This is expressed in the criteria for the new names being proposed for the 27 streets—“consensus” and “people we can all feel proud of.” As a result, the replacements combine “left” historical figures associated with defending the bourgeois order and fascist sympathisers.

Among them are Marcelino Camacho, a member of the Stalinist Spanish Communist Party (PCE) and General Secretary of the CCOO trade union during the Transition to democracy; Julián Besteiro, a leader of the right wing of the Socialist Party (PSOE) in the 1930s; and Melchor Rodríguez, leader of the anarcho-syndicalist CNT and one of the staunchest defenders of the Popular Front in Spain in the 1930s.

The Popular Front, formed in 1936, signalled an official end to the objective of proletarian revolution on behalf of the Stalinist Communist parties and was instead a policy of class collaboration with liberal, republican and social democratic parties in defence of one’s own nation-state on the basis of a “two-stage” theory of, first, the unified struggle for bourgeois democracy and only then, at a later date, for socialism.

The fascistic figures now to be honoured include Mercedes Fórmica, a member of the fascist Falange party. Fórmica deserves recognition, according to the commission, because she “denounced the suffering of married women victims of gender violence” under Francoism. Another right-winger is Carlos Morla Lynch, the Chilean ambassador in Madrid during the civil war and an open Franco sympathizer. He used his diplomatic position to provide protection and grant asylum to right-wing elements and fascists.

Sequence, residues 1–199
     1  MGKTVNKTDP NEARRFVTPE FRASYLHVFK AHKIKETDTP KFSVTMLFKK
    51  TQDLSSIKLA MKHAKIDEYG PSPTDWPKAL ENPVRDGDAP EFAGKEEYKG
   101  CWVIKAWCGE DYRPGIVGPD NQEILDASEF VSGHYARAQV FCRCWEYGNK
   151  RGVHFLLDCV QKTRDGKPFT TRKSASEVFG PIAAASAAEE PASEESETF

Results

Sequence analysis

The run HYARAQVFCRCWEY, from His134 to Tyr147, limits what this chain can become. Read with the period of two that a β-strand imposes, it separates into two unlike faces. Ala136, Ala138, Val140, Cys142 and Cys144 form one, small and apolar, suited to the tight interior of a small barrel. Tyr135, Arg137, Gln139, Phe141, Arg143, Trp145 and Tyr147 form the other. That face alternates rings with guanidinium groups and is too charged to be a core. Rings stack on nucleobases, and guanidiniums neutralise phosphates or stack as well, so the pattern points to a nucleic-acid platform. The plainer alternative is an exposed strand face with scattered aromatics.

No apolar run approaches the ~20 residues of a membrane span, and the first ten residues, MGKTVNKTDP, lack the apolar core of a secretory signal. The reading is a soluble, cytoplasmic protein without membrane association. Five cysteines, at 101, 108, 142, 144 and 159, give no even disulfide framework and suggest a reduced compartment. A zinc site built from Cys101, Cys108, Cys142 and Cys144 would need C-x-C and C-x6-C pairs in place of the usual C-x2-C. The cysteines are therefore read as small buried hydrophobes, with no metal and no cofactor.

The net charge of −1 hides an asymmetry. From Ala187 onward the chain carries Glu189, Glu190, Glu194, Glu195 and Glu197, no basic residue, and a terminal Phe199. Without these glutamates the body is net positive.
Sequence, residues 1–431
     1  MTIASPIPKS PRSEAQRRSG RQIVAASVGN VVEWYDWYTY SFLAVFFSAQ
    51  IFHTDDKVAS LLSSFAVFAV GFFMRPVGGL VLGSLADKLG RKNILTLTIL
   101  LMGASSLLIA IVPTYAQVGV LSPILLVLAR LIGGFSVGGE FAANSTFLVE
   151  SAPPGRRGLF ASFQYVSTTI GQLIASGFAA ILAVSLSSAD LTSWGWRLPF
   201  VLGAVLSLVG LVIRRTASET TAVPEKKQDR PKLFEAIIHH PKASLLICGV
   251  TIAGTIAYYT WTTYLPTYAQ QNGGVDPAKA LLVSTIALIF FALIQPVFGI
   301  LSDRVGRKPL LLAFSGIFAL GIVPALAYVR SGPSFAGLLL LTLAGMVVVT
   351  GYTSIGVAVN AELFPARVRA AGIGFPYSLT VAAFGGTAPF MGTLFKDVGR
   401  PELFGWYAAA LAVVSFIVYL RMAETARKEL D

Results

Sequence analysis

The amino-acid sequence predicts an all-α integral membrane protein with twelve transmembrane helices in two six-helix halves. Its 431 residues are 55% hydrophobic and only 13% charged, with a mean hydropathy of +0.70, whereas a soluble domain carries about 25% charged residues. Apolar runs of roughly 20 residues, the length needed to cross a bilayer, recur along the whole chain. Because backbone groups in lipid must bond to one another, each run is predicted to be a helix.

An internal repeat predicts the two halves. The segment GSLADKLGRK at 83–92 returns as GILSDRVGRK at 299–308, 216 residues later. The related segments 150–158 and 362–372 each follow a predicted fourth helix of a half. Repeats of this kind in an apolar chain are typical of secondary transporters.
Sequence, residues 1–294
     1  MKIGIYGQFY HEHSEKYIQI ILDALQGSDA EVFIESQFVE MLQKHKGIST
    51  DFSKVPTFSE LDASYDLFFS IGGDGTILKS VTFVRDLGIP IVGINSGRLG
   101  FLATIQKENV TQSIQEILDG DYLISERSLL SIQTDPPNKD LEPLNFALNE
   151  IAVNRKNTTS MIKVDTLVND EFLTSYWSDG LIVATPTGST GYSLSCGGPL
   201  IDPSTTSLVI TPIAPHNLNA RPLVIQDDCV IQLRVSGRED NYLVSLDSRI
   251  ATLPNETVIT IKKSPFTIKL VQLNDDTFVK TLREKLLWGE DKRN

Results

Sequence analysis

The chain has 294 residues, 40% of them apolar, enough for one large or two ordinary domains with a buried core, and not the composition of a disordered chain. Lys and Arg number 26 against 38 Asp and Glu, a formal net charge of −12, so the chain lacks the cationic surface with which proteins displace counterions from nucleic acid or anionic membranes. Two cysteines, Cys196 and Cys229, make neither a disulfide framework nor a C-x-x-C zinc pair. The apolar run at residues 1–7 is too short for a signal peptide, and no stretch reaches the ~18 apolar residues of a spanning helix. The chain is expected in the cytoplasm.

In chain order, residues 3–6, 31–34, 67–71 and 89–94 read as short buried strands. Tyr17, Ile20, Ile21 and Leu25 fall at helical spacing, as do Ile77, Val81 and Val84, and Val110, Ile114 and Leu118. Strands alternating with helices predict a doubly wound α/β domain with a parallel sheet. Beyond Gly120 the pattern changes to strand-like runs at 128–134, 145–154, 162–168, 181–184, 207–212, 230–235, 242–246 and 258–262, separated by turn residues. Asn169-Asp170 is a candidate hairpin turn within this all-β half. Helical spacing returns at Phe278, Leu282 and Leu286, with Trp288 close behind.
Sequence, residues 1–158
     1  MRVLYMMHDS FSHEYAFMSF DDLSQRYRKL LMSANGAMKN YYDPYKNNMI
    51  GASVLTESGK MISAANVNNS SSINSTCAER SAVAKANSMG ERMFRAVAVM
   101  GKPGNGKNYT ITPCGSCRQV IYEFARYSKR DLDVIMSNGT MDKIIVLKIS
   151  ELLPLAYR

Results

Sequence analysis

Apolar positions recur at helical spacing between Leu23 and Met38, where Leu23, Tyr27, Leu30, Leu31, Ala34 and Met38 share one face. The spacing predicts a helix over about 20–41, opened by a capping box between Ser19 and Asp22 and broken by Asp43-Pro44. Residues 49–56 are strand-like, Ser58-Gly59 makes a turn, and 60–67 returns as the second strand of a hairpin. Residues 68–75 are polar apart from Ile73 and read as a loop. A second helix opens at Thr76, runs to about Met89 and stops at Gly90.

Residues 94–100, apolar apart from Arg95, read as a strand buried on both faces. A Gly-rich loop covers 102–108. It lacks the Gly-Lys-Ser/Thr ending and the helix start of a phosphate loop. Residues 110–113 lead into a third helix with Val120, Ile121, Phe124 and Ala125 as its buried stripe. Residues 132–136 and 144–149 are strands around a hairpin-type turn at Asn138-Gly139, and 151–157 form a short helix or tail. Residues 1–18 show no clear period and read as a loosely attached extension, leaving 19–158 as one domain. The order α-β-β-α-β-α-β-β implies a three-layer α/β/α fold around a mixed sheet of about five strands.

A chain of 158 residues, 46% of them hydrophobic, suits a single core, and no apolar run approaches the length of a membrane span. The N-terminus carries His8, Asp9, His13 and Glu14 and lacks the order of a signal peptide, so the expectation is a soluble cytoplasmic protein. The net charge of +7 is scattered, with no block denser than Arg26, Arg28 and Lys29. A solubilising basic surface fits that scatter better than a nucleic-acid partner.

The capitulation of Podemos is also shown over the proposal to change the name of the street named after General~Millán Astray, who, in the words of the liberal historian Paul Preston, was “the person who exerted the most influence in the ideological and moral training of Francisco Franco. Sanctified in life as the ‘glorious cripple,’ his contribution to the violent ideology of the Spanish far right was unique, thanks to the creation of the Foreign Legion. In it he who institutionalized and evangelized the brutal and brutalizing values which Franco fought for and won in the Spanish Civil War” ( Las Tres Españas del 36, Barcelona: Plaza & Janés, 1998).

The name change provoked a furious response from the legion, which remains an elite unit in the Spanish Army. The Brotherhood of the Spanish Legion, which has around 100,000 members, delivered a nine-page letter to the commission full of historical falsifications and an outright glorification of Astray, and threatened to mobilise its members in protests.

The main right-wing bourgeois press, including La Razón, ABC and El Mundo, joined the attack on the commission for having “opened up the wounds of the past”—uncritically quoting the letter from the Brotherhood while ignoring Astray’s fascist sympathies.